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The Oklahoma City Thunder came up just short on Tuesday night, losing in heartbreaking fashion to the Miami Heat, 112-111. Despite the result, the night was still a memorable one for Thunder guard Josh Giddey, who recorded a triple-double in his 90th career game and joined an exclusive club in the process. 

His versatility was on display all night long, as he finished with 18 points, 15 rebounds and 10 assists for his second triple-double of the season. With those numbers, Giddey reached 1,000 points, 700 rebounds and 500 assists for his career, and became just the fourth player ever to do so in his first 100 games. The others are Luka Doncic (85 games), Ben Simmons (85) and Grant Hill (100). 

Giddey didn't have the best shooting night -- 8 of 18 from the field and 0 of 4 from 3-point land -- but he was relentless crashing the glass and put on another entertaining passing display. Whether it was out of the mid-post, on the drive or out on the break, Giddey made a number of terrific reads. 

The No. 6 overall pick out of Australia in the 2021 NBA Draft, Giddey burst onto the scene last season thanks in large part to his flashy passing. He became the youngest player in league history to post a triple-double and he eventually earned a spot on the All-Rookie Second Team.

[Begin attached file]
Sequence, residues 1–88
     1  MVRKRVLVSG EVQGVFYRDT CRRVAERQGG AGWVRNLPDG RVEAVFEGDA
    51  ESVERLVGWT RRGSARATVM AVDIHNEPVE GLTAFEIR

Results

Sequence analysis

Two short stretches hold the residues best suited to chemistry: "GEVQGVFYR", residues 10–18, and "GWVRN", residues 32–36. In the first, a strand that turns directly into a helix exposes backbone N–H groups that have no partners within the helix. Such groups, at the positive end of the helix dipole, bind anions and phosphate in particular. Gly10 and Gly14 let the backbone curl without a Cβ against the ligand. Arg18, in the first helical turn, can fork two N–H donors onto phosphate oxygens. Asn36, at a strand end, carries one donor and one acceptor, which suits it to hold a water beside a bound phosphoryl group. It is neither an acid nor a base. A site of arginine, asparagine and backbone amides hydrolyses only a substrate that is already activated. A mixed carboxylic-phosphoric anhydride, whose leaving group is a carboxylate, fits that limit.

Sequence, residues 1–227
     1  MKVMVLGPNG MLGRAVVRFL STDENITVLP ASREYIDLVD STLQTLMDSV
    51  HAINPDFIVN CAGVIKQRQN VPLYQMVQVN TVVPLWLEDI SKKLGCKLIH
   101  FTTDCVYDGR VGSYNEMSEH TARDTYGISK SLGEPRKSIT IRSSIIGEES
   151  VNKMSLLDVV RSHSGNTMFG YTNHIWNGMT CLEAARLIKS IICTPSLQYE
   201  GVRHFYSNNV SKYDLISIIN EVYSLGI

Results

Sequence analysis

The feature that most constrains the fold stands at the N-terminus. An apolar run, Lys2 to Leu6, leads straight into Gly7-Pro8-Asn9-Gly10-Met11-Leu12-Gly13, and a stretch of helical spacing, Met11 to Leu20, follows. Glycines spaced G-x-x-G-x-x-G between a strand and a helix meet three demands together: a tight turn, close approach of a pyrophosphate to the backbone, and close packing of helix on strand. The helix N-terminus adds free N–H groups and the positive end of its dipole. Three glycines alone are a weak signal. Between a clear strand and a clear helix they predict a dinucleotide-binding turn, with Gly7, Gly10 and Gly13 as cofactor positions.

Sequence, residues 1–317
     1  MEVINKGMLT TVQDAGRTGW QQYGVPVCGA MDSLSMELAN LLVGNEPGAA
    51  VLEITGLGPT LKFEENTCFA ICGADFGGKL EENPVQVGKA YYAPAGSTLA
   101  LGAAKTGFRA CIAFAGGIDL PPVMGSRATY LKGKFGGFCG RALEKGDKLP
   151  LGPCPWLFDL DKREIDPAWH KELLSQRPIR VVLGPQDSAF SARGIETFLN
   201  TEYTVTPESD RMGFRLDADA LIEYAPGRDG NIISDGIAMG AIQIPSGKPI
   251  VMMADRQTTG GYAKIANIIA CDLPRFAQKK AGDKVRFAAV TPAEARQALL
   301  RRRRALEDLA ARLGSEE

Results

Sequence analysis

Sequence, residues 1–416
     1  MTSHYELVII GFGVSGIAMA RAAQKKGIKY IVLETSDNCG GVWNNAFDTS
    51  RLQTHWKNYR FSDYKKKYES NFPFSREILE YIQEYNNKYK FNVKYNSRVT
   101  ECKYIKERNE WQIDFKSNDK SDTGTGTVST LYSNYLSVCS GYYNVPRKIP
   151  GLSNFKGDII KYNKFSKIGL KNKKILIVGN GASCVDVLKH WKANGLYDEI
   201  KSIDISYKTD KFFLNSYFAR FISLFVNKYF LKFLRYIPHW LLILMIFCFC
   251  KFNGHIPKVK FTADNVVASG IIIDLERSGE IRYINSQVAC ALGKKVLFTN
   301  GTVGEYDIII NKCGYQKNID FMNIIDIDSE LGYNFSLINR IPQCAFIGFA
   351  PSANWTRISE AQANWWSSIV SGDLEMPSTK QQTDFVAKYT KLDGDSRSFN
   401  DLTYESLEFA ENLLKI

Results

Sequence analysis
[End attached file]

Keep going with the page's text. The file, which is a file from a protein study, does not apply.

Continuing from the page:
He got off to a slow start this season, but he's really come on strong since December to prove that his rookie season was more than just entertaining. Through the first 36 games, he's averaging 15.3 points, 8.0 rebounds and 5.6 assists -- numbers that are good for second, first and first on the team, respectively. Among all sophomores in the league, Giddey is fourth in scoring, third in rebounding and second in assists; no other player is in the top-four in all three categories. 

With their loss to the Heat, the Thunder dropped to 18-23 on the season. And while that's the seventh-worst mark in the league, it also has the Thunder just 2.5 games out of a top-six seed in the crowded Western Conference. This isn't the type of all-out tanking season that many may have expected; the Thunder are competitive, and Giddey is a major reason why.